How America Turned Against Smart Kids Parents of gifted children face egalitarian dogmas and an anti-intellectual culture. By Pratik Chougule

Parents of gifted children face egalitarian dogmas and an anti-intellectual culture.

By Pratik Chougule

Most high-IQ children do not win Fields Medals or become billionaire tech entrepreneurs. Even the most banal achievements often elude intellectually precocious children when they become adults. But among those who do make profound intellectual contributions to the world, several decades of research suggest that their potential can be discerned in childhood. The odds that any one gifted child will achieve eminence may be small, but a wise gambler searching for the next great scholar, physician, or titan of industry would bet on the precocious over the average child.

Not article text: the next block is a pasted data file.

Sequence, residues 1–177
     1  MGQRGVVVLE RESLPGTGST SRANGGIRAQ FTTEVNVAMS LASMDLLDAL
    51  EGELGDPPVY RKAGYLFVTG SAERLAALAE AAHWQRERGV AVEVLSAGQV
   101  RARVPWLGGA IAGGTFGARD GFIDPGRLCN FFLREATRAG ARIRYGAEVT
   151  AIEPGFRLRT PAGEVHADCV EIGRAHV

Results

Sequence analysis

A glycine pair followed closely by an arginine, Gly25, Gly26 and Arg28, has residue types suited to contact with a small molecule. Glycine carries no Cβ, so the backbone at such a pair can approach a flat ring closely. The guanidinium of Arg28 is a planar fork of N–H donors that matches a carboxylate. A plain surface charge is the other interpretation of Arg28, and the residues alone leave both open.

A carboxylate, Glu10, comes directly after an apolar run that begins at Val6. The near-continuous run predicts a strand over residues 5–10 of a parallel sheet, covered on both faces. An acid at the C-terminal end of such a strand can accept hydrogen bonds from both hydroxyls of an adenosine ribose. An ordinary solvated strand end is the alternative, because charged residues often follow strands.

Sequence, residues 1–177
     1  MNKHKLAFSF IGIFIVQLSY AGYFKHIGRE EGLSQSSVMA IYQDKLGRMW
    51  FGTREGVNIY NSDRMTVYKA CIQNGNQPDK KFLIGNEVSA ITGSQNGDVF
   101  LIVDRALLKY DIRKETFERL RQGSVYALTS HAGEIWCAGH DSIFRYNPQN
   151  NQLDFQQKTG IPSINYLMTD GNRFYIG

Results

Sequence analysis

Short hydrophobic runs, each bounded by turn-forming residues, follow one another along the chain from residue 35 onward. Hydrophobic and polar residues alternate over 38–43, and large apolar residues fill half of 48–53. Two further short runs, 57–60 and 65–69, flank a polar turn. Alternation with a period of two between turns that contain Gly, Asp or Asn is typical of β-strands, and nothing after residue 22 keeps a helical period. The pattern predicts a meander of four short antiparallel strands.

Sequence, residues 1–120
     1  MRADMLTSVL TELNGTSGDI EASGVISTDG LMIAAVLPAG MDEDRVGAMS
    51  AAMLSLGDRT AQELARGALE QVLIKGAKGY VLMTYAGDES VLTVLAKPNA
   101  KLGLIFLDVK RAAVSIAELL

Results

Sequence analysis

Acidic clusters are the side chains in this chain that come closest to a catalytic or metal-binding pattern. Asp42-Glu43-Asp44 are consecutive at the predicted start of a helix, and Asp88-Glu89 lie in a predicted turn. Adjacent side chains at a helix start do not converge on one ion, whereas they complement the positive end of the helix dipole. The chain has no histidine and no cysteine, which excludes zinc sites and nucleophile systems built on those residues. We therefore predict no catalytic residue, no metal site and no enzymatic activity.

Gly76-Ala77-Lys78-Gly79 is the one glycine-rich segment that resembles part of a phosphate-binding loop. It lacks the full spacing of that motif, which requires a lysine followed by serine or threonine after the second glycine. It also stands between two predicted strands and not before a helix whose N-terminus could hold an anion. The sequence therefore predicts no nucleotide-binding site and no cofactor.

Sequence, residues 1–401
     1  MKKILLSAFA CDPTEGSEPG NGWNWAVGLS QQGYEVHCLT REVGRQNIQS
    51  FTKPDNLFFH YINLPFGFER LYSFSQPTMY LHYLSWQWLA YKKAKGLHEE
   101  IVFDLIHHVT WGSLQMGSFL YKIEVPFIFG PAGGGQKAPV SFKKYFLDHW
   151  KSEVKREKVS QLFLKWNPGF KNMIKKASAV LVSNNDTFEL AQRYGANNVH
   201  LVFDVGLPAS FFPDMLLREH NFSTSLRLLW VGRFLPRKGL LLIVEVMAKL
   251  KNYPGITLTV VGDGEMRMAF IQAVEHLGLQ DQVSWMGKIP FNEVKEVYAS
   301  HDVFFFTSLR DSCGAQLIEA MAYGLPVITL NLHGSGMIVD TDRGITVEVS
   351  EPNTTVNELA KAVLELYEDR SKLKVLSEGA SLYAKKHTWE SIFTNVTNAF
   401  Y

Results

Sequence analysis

Rather than investing in high-IQ children, however, American society has moved in the opposite direction. An educational establishment seduced by egalitarian zeal, and an anti-intellectual American culture more generally, has turned the very idea of investing in our most intelligent kids into a sort of heresy, an uncouth departure from a conventional wisdom that has hardened since the 1930s.

Those who believe that intellectually talented children are owed something special, or, in any case, that it’s prudent to cultivate their abilities, are losing the political and cultural debate. Parents of gifted children, as a consequence, are pursuing enrichment outside of mainstream institutions.

via How America Turned Against Smart Kids | The American Conservative

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